Online Study: Thought Impact Scale, University of North Carolina, May 2017

The following online study conducted by Olafur Palsson, PsyD, psychologist, professor and researcher at the University of North Carolina Center for Functional GI and Motility Disorders, Chapel Hill, North Carolina, was received recently via social media. Dr. Palsson is a leading international researcher of IBS and its psychological aspects. The current study is not specific to IBS or any other chronic medical condition, and study volunteers need not have a medical condition, but if the Thought Impact Scale is validated through this and other research, it has potential applications for psychological interventions for IBS and other conditions.

Dr. Palsson is seeking adult volunteers aged 18 or over who are fluent in English and reside in the United States to complete two 25 minute surveys 30 days apart. You must be willing to provide him with your first name and an email address so that he can send a participant code number and password, but responses to the surveys themselves are anonymous and cannot be linked in the study database to personally identifying information.

The italicized paragraphs below are a direct, complete quotation of the details available on the study website, which is linked below the italicized portion. The website also includes a video of Dr. Palsson personally describing the intended research.  Please address any additional questions or concerns about the study directly to Dr. Palsson at


Participate in an online research study and get answers to that question.

Dr. Olafur Palsson in the University of North Carolina at Chapel Hill School of Medicine is testing a new questionnaire, called the Thought Impact Scale, which is designed to measure the degree to which subconscious (or non-conscious) mental functions affect people’s conscious behaviors, feelings and life experiences in everyday life. This online study will evaluate how the new questionnaire scores relates to various personal life experiences and characteristics, and assess the reliability and internal consistency of the questionnaire.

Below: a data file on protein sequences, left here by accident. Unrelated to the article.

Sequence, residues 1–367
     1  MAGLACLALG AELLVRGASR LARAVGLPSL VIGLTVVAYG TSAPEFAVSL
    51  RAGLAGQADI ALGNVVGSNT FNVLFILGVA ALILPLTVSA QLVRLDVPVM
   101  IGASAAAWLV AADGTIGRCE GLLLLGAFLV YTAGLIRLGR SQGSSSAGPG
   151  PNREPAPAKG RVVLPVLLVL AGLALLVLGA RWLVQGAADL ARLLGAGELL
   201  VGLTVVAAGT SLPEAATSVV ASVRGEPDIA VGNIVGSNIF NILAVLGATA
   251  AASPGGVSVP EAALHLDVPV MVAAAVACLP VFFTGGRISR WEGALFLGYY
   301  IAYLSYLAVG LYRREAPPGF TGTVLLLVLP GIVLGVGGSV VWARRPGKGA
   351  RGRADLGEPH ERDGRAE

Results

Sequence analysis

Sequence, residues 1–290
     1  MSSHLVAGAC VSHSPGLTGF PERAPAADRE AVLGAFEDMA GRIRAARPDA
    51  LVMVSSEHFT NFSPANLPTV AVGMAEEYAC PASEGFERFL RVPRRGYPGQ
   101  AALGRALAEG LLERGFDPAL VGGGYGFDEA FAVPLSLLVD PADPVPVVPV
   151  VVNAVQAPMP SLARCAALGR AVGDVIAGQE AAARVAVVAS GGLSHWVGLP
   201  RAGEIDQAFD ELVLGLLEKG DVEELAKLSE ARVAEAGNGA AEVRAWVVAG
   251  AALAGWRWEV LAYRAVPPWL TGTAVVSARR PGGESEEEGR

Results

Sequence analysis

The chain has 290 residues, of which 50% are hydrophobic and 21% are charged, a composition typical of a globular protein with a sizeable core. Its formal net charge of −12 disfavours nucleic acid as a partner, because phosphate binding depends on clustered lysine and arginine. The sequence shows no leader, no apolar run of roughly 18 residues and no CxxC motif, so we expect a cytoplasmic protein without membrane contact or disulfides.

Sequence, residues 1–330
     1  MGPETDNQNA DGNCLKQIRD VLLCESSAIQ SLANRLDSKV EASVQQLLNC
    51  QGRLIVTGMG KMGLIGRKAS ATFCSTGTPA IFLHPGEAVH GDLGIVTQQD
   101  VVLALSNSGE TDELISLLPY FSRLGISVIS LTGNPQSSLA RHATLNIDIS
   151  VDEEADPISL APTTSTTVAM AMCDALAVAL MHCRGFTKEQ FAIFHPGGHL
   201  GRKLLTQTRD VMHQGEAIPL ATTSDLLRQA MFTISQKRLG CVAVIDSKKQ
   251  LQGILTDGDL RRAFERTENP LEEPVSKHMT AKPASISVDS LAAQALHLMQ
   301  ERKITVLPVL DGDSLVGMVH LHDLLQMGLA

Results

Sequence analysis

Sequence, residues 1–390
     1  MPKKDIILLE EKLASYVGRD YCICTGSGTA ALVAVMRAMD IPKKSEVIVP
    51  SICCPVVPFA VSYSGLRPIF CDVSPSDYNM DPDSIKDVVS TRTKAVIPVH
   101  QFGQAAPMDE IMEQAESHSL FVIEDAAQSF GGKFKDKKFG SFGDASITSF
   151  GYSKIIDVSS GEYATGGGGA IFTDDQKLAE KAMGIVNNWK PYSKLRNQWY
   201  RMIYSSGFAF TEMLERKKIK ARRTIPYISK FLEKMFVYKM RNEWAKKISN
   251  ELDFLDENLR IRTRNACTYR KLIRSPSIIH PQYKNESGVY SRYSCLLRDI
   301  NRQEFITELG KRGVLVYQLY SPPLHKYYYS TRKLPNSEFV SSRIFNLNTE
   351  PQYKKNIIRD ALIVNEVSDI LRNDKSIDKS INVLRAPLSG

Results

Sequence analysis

Whether you believe you are influenced a lot by your subconscious mind or only a little bit or even not at all, you are invited to participate in this study.

Participation requires:

Completing online surveys twice, about 30 days apart (takes about 25 minutes each time).
Being at least 18 years old, living in the United States and being fluent in English.

In exchange for your participation, you will:

Receive a personal report of your questionnaire results and their meaning. This report will include your scores on the new Thought Impact Scale and other questionnaires used in the study, how those scores compare in general with those of people in the study sample, and what the scores seem to mean about how much connection you have with your subconscious mind and how they relate to other main findings in the study.
Be entered into a drawing for 5 Amazon gift cards of $25 each
Receive a copy of the abstracts of all scientific papers that are published with the findings of this research

IBS Impact welcomes researchers affiliated with academic, medical or pharmaceutical entities, or reputable organizations representing IBS or related or commonly overlapping conditions, to contact us directly with additional studies or surveys they wish to be considered for posting. A contact form is available on the main IBS Impact website.

IBS Impact makes these announcements available for general information, and encourages its members and site visitors to make their own individual, informed choices about their potential participation. Additional studies can be found by clicking on the Research– Clinical Trials sub-category in the right sidebar of this blog on our main website IBS studies page. Please be sure to check the date at the top or bottom of a given post, as many posts from this blog remain visible in search engines for several years, and studies stop accepting volunteers or conclude the trials after a period of time. IBS Impact, as an entity, is not directly affiliated with any research sponsor or organization and receives no funding from any source for studies, surveys or links we feature on this blog, the main site or social media.

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